I’d like to start this blog ambitiously.  This entry will be a long one, but by way of introduction, I’m going to be looking at a big issue. I want to try to answer a question I’ve overheard a lot since the downturn started; “how did we get into this mess?”  Odds are, you’ve both said and heard it a dozen times.  And I want to try answering it by applying a simple truth; that people do what they get rewarded for.  Now a lot of the explanations for the catastrophe that has been the last few years involve that truth.  Some say we got here because politicians were not rewarded either for having integrity or wisdom, but instead could get elected by telling us stupid lies we wanted to hear, and could line their pockets and insure re-election by playing to special interests.   Others, mostly politicians, it seems, tell us it’s those people who either failed to read their mortgages, or who knew they couldn’t pay their bills, but signed them anyway.  They were rewarded with the chance to own a house for about the same per month as if they were renting.  Others lay the blame on corporations, or unions, or regulations, or globalization.  All, to some extent, share the blame, but it seems to me that when you have this many problems, you should be looking for which disease caused them all, not choosing the worst of the symptoms.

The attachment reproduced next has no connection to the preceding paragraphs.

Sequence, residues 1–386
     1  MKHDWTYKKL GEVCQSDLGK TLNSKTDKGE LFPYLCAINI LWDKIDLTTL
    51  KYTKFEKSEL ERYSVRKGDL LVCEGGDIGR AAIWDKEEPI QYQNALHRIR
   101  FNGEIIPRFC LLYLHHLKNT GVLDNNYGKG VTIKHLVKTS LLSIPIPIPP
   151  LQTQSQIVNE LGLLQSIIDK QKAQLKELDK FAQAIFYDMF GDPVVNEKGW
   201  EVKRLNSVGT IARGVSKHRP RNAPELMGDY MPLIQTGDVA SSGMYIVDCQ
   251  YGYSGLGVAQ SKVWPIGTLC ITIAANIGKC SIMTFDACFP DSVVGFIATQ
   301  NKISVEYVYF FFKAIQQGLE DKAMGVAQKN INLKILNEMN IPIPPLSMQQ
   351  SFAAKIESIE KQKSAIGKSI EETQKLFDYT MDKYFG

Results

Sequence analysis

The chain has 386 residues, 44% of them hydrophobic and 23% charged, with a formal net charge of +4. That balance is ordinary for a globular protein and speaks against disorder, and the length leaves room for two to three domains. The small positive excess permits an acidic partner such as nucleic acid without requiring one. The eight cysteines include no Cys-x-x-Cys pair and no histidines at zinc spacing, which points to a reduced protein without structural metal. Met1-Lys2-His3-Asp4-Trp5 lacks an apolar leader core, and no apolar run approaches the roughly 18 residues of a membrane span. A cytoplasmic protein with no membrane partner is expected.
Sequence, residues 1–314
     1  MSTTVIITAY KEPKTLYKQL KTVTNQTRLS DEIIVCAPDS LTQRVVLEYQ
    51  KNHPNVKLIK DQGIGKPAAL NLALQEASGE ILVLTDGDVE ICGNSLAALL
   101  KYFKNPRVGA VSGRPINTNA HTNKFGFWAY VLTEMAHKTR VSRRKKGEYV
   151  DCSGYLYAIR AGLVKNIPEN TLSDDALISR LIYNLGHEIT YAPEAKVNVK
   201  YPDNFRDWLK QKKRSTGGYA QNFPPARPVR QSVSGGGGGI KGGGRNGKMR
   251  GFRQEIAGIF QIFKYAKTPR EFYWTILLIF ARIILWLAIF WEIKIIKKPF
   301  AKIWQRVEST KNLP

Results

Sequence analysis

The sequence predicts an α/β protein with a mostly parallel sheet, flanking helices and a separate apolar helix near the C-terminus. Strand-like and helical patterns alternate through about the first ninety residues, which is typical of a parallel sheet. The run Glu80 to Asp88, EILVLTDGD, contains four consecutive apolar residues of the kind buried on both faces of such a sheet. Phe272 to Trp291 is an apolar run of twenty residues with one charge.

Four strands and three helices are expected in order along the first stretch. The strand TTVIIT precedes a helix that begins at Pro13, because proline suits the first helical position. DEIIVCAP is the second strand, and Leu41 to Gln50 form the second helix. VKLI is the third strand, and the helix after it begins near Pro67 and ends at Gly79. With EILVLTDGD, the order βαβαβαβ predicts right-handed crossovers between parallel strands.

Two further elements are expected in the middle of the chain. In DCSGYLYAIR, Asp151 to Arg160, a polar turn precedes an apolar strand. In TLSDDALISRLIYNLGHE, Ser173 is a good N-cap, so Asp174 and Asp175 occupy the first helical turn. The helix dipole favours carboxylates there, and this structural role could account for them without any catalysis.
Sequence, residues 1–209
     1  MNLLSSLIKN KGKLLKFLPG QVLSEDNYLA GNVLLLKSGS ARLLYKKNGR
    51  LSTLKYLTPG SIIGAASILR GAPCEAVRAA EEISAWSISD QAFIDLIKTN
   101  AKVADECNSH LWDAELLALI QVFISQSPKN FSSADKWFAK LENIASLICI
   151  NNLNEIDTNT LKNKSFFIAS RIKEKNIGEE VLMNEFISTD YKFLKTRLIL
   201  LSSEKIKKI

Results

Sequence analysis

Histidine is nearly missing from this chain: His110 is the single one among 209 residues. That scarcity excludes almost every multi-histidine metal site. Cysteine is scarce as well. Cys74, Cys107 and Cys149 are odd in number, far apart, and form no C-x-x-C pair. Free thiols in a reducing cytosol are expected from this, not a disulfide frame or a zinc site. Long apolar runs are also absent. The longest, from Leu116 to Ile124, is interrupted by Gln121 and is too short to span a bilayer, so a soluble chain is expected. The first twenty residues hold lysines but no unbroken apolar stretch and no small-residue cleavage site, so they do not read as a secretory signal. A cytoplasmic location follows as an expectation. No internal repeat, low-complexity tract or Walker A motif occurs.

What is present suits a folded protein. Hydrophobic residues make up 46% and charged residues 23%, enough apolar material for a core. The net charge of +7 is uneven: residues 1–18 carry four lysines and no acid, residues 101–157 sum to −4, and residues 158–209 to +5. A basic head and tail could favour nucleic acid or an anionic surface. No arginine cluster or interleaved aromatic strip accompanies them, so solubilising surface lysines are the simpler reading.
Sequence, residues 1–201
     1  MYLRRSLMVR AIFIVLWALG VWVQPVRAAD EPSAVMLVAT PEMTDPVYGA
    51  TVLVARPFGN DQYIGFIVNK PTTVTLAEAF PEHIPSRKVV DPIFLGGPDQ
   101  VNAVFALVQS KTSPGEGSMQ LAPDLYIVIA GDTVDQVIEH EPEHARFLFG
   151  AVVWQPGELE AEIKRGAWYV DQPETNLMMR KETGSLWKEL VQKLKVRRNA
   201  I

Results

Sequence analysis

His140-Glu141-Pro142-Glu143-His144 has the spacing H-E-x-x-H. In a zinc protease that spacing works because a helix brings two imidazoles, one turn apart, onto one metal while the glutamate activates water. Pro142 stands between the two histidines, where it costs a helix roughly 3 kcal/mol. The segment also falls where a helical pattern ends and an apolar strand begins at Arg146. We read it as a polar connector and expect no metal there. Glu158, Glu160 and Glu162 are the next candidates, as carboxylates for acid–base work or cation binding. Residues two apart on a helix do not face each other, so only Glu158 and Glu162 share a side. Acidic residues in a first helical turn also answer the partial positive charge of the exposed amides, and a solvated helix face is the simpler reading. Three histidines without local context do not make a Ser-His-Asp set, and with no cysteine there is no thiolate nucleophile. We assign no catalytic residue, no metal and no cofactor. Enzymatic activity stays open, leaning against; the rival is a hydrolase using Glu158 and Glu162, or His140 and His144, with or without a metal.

Probably the most popular of all the pinatas are the bankers.  I’d like to take a look at them for a moment, not because I think its all their fault, but because there’s a hint there.  Now we’ve all heard them demonized, how they preyed on the weak and made a pact with the devil, and how they should have known better, since they were the experts.  I’m actually annoyed at them for a variety of reasons, (somewhat unusual ones, but that’s a matter for another time.)  But before we condemn them entirely, I’d like you to consider a proposition.,  Lets say you have ten million to invest, and its 1999.  I come to you and say, I have this friend who wants to buy a house.  He doesn’t have much of a down payment, and he tends to switch jobs a lot, so he may have trouble making the payments.  Can you loan him the money?  Now normally, you’d say “no way, that sounds horrible.”  But consider this; since WWII, house prices have gone up very consistently for half a century, and they’re going up particularly fast now.  So, if you make him the loan, and he can make the payments, you make a good bit of cash on the interest payments.  But if he can’t keep up the payments, say a year from now, you get the house.  And in that era, the house could conservatively have gone up by 10 to 20% in price.  It might very well have doubled.  Which means, you had somebody making payments for a year so you could hold that house while it went up hugely in value.  If it was 100 K when it started, it is now worth anywhere from 110k to 200k, plus his small down payment and his monthly payments.  That means that even if he doesn’t keep up the payments, you’ve made a good 20% on your investment, a very very healthy return.  This remains true till the moment of the crash; every year till then, it was a good business decision.  And honestly, its hard even to attack it on moral grounds, because you’re giving someone a chance to own a house who might otherwise have never gotten a loan.  You may make a little more money off that, but that’s the price of risk.  They might get a lower credit score, but they would have to pay rent if they hadn’t gotten the loan, so they may not have  lost a dime.  By the way, I’m not saying they shouldn’t have seen all this coming.  A half century of growth is no excuse to believe that a crash could never happen again.  I can’t really offer much proof of this, except the back up of a few friends and family, but I said two years before the crash that trouble was coming, and six months before it happened, I told everyone who would listen (very few) to get out of the real estate market, because it would happen within a year.  I find it quite disturbing to be so much in the minority there.  On the other hand, one cannot forget, that if one of the banks had stopped doing this kind of lending, they would have fallen so far behind their competitors they wouldn’t have been able to survive.